If there is one thing I have been very bad about that would be documenting the pike fishing here. There are several reasons behind this short coming; one is that I have never been a rabid pike fisherman and secondly they are viewed as a problem in my area not a sport fish. Never the less the lake where our cabin is at has more pike than we or the department of fish & Game would prefer to see there. The Ideal number would be zero or as close to it as we could get.
In Hewitt Lake Alaska the pike are an invasive and they have taken a heavy toll on the trout & salmon. However, there is perhaps an upside to this for the time being, if you enjoy feeling or seeing a fish grab hold of a fly this is the perfect venue for you during June & July. Those 2 months the fish are easy to locate and access to their hideouts is still an easy thing. As the summer goes into August the weed growth in the slough’s and creeks will make navigating difficult at the least. The creeks in the immediate area of the lake are flowing at……….well, lake level and therefore they are slow moving and prone to vegetation.
This is the place for a 9 or 10 foot single hand rod in 7 – 9 weight. All you need are a floating line and I’ll bring the Whitlock Sculpin’s . If you are familiar with shock tippets and have them bring them with. If not, I’ll have some on hand. Although the bite wires are the very best I don’t like the way they can get kinks in them. I get by almost all the time with a 14″ length of 30 – 40 pound mono as a tippet. while there are all sort of good pike fly and I have those too, the Sculpin in size 2 is extremely effective and so are bunny leeches of about 4″.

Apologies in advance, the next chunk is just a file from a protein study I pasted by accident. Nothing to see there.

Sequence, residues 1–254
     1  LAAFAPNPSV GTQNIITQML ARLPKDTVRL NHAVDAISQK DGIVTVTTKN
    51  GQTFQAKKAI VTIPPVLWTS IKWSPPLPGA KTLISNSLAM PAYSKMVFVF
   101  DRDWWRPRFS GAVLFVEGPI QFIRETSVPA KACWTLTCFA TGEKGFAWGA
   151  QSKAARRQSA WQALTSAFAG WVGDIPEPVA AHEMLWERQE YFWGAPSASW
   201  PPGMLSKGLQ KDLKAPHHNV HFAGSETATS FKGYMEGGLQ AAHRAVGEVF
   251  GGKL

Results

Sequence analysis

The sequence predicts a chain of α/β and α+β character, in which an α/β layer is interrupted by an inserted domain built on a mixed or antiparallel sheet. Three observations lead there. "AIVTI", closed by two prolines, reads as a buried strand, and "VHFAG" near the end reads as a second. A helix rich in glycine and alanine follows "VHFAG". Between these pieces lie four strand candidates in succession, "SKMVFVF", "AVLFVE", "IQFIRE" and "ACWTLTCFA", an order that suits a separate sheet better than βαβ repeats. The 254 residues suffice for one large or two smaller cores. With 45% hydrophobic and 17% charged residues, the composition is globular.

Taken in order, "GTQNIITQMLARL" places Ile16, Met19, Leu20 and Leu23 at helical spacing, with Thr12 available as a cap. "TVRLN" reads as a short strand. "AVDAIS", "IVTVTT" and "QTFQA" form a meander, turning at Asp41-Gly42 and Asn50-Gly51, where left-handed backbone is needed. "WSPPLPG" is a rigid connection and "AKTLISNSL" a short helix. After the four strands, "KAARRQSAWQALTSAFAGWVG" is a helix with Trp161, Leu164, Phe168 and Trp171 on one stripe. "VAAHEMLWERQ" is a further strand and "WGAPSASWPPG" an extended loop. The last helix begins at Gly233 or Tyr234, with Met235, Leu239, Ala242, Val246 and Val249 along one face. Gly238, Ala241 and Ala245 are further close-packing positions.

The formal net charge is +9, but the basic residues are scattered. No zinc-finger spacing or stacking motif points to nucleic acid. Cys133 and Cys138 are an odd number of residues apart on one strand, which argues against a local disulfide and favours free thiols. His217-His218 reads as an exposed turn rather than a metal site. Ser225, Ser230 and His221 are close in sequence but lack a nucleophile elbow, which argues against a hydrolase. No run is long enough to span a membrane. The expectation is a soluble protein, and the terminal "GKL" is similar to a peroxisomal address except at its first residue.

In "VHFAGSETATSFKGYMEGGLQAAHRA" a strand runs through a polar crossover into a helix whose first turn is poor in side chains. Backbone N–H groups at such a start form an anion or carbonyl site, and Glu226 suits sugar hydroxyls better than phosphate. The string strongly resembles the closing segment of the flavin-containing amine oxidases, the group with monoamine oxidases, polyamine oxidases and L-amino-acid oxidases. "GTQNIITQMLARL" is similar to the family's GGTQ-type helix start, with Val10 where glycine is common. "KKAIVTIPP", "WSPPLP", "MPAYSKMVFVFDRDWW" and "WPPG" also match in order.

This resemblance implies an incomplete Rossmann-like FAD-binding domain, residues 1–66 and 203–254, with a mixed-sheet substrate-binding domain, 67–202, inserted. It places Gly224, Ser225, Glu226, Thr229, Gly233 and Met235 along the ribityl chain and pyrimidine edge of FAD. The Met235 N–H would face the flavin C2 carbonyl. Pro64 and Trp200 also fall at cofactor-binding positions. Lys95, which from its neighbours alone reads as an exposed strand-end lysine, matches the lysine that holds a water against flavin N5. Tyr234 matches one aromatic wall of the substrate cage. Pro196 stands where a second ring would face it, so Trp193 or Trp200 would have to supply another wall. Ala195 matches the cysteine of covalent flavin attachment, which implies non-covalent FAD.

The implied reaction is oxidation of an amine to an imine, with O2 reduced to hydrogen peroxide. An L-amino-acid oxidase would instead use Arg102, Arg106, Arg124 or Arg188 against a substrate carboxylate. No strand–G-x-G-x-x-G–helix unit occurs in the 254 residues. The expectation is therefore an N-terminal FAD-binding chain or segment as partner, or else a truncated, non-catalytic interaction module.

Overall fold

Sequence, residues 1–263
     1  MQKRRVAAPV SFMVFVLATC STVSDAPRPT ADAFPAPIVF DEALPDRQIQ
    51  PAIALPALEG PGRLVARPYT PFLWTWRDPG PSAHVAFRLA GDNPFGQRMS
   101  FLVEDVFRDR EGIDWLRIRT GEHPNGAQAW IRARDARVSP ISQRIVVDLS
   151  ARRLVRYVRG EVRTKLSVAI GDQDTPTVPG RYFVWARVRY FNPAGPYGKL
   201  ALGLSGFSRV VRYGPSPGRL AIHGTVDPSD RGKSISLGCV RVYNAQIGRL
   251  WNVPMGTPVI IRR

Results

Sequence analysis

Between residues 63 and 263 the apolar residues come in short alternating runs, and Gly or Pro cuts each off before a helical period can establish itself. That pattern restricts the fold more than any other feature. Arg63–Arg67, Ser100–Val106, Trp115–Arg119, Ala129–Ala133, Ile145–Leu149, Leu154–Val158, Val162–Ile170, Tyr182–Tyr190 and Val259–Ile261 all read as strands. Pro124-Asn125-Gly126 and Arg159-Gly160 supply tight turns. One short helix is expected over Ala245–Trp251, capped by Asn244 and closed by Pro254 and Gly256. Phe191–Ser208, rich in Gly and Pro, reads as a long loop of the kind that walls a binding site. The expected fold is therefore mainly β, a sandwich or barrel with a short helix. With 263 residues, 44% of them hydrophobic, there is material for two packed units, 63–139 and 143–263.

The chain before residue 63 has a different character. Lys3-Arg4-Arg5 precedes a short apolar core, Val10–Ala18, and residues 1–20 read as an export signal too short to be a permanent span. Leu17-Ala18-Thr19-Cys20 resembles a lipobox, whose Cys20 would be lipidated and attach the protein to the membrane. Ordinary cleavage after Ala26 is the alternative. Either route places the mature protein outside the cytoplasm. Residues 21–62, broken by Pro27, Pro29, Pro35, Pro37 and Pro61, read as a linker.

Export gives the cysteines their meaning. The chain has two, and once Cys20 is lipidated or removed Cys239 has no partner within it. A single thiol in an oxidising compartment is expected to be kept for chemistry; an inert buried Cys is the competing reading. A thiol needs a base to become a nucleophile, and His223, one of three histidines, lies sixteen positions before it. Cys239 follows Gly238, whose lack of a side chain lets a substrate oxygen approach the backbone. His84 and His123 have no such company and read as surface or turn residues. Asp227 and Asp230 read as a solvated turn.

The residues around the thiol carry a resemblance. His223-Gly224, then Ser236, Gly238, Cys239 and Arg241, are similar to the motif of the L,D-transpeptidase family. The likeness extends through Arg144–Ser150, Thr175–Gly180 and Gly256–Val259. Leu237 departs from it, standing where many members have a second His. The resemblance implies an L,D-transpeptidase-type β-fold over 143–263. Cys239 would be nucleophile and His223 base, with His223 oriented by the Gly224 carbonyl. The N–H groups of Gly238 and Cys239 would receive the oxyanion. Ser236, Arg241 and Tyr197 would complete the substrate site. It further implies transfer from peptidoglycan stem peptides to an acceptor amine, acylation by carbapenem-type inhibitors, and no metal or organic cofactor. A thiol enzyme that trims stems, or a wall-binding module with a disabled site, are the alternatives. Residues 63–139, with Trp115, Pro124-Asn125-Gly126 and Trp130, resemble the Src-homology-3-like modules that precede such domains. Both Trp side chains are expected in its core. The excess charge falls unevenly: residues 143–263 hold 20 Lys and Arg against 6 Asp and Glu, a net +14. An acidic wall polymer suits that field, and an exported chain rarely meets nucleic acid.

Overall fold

I have had action with a couple large pike and what seems to be an ongoing theme is holding true with this species also, the big ones got away. I’m talking about the kind of pike that eat ducks when I say ‘big’, there are plenty of 27 – 30″ fish caught and now and then a 36 or larger but there are a few around that are truly large. I don’t insist that there are a whole bunch of 44 – 50″ pike out there but I’ve seen enough to know they have the unicorns outnumbered in a big way.
Because I am fishing flies, and not concentrating on the pike I am not taking as many and perhaps not as large of fish as the gear guys but On a good day there can be pretty much non stop action with fish between 18 – 30″ in size. The down side of these days is that this is what we call ‘A Terminal Fishery’. This is an invasive species that is threatening our salmon stocks and every fish caught is killed immediately. For many, myself included this is a tough game to play but if you choose to do a little pike fishing here, that is how it ends for the fish. Of course the killing of a dozen or 2 pike is not the end all for the plight of our salmon & trout, but you and I can rest assured that those killed will not fill their stomach with juvenile salmon when dispatched.
These are a trio of small fish taken on one of the creeks flowing from the wetlands adjacent to the lake.
This group (below) were taken right in front of the cabin along the lake shore. I took the picture because these fish were cleaned and filleted because they were a good size for that. I neglected to place the rod into the picture for reference but the fish were sized between 27 and 30 inches. I keep track of sizes for the research team from Cook Inlet Aquaculture who are conducting a 4 year pike assessment and advisory study for the state on Hewitt & Whiskey lakes.
So what do you do with all those pike? That’s what I meant when I said I did a poor job of documenting all of this! You feed the fish to the two pair of Bald Eagles who raise young out there on alternate years. There’s always a nest with a couple hungry babies in it nearby. We have many fox who patrol the lake shore daily and their finding a meal of fish every so often does its part to spare the Spruce grouse and Snowshoe Hares who call the land around the cabin home. When there is a pile of fish to be disposed of they are transported to the back 40 where brown bears will find and eat them. No fish are discarded near the cabin and to date I have no bear problems there at all.
2014 will be a season when I will be much more careful about photographing pike as they are taken and posting the results of fishing here. I already know that I have a couple people coming in late June – July1st to fish for pike as a targeted species so there will be fish. I will return to this post and add any more pertinent information as I think of it but this is a start.